In 2011, the Europa mission had not been finalized in the least, with the plumes not even discovered yet. At this point, scientists definitely had the opportunity to change the focus of the mission to Enceladus. Instead, it is speculated (3) (4) that scientists chose the cheapest, quickest option for the Europa mission, which had already made it through many stages of approval, with hope for quicker follow-up missions to actually search for life on the two moons. Unfortunately, the next decade will see a large shift in focus for NASA, culminating in a manned mission to Mars. In addition, the recent $10 billion deep-space James Webb Space Telescope and $4 billion Europa Clipper both went over budget by billions of dollars. Because of this unplanned spending on science missions, exploratory research will be taking a backseat to the much more costly development of manned missions that NASA has planned. With the next-generation, heavy-lift rocket, the Space Launch System in it’s very last stage of testing, NASA is on track toward its stated goals of returning humans to the Moon by 2026 and venturing to Mars in the 2030s. I see these missions taking the majority of the budget, man-power, and political interest in the coming years. Space geeks may have been excited about the Europa Clipper mission for years, but the whole world will be watching whoever is first to set foot on Mars. If the US wants to beat China to the red planet, we are going to have to focus all our resources on this unprecedented goal (read my last article to catch up on why I think Congress isn’t taking this goal seriously enough).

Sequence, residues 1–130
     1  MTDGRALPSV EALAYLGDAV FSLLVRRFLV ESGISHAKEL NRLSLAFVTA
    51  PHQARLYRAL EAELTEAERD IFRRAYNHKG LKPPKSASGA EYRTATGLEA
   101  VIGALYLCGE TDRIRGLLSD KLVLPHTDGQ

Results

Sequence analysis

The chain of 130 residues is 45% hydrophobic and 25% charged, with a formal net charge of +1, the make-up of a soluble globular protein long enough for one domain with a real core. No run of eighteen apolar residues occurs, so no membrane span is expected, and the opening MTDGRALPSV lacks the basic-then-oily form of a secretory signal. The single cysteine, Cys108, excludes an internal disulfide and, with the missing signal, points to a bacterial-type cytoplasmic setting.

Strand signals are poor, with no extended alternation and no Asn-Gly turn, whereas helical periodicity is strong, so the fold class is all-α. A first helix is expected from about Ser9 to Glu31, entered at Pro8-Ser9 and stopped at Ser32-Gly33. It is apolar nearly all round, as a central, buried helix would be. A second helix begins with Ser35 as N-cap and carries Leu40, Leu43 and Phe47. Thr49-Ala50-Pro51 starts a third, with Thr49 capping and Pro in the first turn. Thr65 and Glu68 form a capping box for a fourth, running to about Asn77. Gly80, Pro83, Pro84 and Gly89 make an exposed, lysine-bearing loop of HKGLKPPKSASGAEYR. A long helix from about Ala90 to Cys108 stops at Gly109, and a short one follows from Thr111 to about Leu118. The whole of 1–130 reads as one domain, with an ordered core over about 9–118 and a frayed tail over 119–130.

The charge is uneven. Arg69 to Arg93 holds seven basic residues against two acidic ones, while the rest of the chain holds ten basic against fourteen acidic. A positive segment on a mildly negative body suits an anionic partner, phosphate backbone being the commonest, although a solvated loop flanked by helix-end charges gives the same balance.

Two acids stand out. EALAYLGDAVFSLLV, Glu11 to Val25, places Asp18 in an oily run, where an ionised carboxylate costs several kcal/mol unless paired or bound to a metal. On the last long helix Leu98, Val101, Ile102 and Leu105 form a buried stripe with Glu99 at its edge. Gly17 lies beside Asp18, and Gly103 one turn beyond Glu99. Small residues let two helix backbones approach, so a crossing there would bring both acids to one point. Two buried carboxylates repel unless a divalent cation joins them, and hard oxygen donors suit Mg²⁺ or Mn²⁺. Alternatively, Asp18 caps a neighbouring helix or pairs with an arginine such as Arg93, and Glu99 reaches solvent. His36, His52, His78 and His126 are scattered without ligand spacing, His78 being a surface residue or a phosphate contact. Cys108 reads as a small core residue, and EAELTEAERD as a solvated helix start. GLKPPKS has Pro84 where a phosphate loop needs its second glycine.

In the end, the mission to Europa should bring incredible discoveries and deepen our understanding of planetary science and astrobiology, but if you were hoping for headlines about the discovery of life on another world, you’ll have to wait for the race to Mars to wrap up.

3 thoughts on “Europa vs Enceladus: Scientists May Have Picked the Wrong Moon for the Next Mission in the Search for Extraterrestrial Life in the Solar System